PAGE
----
"The Friend Zone" Doesn't Exist

Shannon Ashley


Photo by KaLisa Veer on Unsplash

The friend zone. That mythical purgatory of persecution where the someone you like doesn’t like you back. It doesn’t matter that you’re clearly perfect for each other — because they heartlessly stuffed you into the dang friend zone long ago and refuse to see you in any other light. Am I right?

Actually, I think the entire idea of the friend zone is silly for several reasons.

Humans (and their relationships) are complicated.

When people complain about being in the friend zone, they’re taking on this deeply polarized view of being either in or out. As if being a friend is out, while being more than friends is in. But the reasons that contribute to how we choose our partners is widely individual and endlessly complex. The choice to pursue — or not pursue — certain relationships hinges upon many factors and feelings that most of us will never entirely understand.

Believers in the friend zone would have you think that women only go for conventionally attractive and rich men. But that simply isn’t true — you only need to look around and see that there are great variations when it comes to romantic attraction.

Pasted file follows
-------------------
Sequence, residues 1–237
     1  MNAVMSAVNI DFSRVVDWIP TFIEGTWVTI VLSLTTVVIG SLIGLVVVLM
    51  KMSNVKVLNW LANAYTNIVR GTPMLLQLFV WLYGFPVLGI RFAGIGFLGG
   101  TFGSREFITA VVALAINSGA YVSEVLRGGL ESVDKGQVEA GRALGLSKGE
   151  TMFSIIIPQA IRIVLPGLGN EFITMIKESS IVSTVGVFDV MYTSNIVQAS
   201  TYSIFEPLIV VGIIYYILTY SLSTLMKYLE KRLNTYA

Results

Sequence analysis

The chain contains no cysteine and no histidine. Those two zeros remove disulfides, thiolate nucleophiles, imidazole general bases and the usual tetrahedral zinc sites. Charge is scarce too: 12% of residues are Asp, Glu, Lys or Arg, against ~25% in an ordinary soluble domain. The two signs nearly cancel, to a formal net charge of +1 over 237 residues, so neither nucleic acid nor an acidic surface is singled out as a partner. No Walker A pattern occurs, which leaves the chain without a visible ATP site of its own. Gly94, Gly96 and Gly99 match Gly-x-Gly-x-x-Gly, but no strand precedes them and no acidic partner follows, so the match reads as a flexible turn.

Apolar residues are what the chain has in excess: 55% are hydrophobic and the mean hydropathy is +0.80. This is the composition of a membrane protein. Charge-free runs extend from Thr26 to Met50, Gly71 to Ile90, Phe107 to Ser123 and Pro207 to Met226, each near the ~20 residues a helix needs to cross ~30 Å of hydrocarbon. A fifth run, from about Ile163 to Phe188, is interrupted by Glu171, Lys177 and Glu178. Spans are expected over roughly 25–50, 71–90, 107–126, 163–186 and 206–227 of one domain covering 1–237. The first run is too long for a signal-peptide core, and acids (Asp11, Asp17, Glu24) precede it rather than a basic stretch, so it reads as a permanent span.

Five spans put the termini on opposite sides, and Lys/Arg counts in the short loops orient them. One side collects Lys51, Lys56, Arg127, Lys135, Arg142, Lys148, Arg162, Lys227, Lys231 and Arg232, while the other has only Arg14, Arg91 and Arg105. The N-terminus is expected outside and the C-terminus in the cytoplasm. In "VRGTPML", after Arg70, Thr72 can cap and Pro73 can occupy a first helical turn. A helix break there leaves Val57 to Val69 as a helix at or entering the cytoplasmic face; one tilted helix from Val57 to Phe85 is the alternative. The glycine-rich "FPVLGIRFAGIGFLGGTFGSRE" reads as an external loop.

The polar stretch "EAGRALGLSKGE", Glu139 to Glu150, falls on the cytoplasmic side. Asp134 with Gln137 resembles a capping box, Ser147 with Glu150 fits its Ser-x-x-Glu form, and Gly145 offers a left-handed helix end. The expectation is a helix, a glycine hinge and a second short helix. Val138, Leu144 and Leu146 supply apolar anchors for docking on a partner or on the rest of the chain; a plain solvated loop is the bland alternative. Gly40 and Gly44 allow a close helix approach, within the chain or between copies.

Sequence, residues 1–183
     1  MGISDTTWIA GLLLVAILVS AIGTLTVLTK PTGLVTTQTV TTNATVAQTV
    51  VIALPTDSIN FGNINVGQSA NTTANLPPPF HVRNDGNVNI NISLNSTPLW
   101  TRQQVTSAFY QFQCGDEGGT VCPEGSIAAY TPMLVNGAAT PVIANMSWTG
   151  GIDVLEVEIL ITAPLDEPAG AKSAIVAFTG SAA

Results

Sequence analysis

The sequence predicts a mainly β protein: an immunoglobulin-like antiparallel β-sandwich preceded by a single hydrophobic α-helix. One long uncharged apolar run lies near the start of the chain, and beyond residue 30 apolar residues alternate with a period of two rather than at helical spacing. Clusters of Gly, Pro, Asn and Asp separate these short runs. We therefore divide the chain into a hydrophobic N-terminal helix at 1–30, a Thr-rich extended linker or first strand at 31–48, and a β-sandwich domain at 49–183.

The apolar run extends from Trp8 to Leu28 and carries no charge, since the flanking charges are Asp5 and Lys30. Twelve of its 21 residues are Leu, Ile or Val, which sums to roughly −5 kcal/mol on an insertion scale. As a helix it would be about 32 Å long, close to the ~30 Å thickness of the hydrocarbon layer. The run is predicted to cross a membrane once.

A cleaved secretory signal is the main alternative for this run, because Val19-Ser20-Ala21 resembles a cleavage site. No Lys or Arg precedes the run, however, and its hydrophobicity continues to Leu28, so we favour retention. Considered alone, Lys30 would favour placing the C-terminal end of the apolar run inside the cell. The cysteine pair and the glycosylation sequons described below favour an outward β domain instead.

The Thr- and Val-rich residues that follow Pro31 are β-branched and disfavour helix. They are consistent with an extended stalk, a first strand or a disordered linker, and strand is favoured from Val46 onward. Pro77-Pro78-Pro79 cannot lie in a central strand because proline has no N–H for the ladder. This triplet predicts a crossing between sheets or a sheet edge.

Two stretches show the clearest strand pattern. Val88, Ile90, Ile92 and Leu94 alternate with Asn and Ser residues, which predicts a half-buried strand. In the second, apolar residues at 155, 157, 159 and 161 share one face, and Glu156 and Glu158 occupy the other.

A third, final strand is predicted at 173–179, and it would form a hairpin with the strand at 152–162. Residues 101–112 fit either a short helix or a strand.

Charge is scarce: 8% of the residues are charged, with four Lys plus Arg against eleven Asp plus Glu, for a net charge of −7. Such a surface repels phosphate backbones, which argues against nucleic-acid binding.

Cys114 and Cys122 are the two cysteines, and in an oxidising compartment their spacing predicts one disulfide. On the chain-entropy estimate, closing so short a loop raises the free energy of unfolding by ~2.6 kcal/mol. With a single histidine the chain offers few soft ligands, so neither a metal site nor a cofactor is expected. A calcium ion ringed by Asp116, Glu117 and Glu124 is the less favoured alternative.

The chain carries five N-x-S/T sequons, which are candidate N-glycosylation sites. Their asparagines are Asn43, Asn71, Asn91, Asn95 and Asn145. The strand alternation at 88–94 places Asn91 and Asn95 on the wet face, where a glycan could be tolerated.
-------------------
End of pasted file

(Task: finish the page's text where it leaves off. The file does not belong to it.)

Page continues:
As a fat woman, it would be easy for me to complain and claim that all men only care about conventional beauty and thinness. But at 36, I’ve discovered that’s theory isn’t true either. Plenty of great guys have surprised me by going for less conventional partners.

Why? Because relationships and attraction are complex — and that’s a beautiful thing.

If you’re mad about being “just friends,” you’re probably a terrible one.

Why would anyone give you the opportunity to be more than friends when you can’t even be a real friend first? Too many people knock the idea of being just friends, but that can often become an even more important and vulnerable role to fill in someone else’s life.

If you earnestly care about this person, then you care about this person. Their whole self. That means you not only want to be friends, but you also want them to make their own choices and think for themselves.